The Open Meeting application was designed to deliver the necessary support for the meeting organized by the NPR staff. It would build on the Communications Linker System (COMLINK), which was developed as a publication system during 1992-1993 for handling subscription and distribution of documents, based on combinations of categories from a domain taxonomy . The Open Meeting would extend COMLINK mainly by adding typed links between documents in the database.
Given the anticipated character of the meeting's textual environment, the web was a self-evident choice for data entry and display in the system, but the distribution of computer resources among the prospective users made email access as equally self-evident. In December, 1994, the time of the event, fewer than half the registrants had a web client and fewer still had clients which supported interactive forms through which comments could be sent to the server. Since all registrants had email, we provided both Web and email access, and as a result, we were later able to compare their respective effects on users' experience of and satisfaction with the meeting.
Together with NPR, we made several non-technological choices that affected the organization and interactions in the meeting. These choices concerned the proposals and background material to be included in the initial textbase, how their texts would be presented and the types of comments participants could make on these texts. To provide common grounds for discussions across organizational boundaries, we selected reports which NPR had recently completed about reinventing Federal operating systems, like procurement or information management, that are found in all federal government departments and agencies. Because the reports had the same generic parts, namely an Executive Summary, a set of Recommendations and attached enabling Actions, and Appendices on the implementations of the recommendations, the set was easily reconfigured into a hypertext. A standard node architecture maintained structural analogies across the main branches of the hypertext to simplify implementation and provide a consistent user interface. A root document, which presented the plan of the meeting, branched to eleven nodes, one for each operating system. The standard node included hyperlinks to the various parts of the reports and to additional relevant documents: an Overview of several paragraphs and reports of Promising Practices, that fulfilled recommendations for the system. During the meeting, Newsletters, which summarized the ongoing discussions, would be attached to their respective nodes (Figure 1).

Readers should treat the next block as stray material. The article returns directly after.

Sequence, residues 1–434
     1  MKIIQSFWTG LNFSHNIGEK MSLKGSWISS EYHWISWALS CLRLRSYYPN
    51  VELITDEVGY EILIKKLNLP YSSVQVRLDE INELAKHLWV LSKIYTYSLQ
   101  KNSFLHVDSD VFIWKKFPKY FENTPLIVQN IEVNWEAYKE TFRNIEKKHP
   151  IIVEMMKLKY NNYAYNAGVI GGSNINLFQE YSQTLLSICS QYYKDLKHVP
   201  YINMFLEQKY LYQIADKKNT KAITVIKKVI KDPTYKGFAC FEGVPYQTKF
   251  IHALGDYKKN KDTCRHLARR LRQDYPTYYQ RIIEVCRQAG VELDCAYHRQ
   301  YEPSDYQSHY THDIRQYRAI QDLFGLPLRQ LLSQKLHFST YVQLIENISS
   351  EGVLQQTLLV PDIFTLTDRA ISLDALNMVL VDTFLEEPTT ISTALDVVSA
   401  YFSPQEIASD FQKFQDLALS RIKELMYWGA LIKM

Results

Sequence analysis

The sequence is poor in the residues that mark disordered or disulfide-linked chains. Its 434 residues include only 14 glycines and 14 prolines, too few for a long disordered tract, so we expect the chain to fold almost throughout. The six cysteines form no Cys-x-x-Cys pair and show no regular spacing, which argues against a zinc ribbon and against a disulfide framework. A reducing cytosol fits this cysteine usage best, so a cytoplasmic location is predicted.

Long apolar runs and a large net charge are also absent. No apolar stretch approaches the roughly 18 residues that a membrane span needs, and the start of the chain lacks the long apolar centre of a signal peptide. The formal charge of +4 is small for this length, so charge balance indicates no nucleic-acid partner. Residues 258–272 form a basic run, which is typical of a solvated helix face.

Interestingly, the textual components of the standard node correspond to the generic parts of a strategic model or plan for reforming the operating system: The Executive Summary states the problem, the Recommendations propose solutions and means of obtaining them, the Actions describe tactics and the Promising Practices are example solutions. On this view, the conversations about these texts during the meeting are part of a problem solving process that generates refinements and evaluations as well as support for the proposed solutions (Figure 2).
A recommendation in the Open Meeting environment is consequently an evolving document -- its own hypertext -- that can be represented by a page with hyperlinks to pages for its original text, the associated enabling actions and the comments in the discussion about it. (Figure 3). The header for each page includes the title, time of submission, author and a location-independent document identifier. To facilitate navigation, each page showed its context with anchors to the immediate parent and to pages summarizing related material. For email users, a text arrived embedded in a form with which one could order one or more the texts subsumed by the present text. A topic node form, for example, included the Overview text and an order form for the various parts of the report including the individual recommendations, listed by their titles.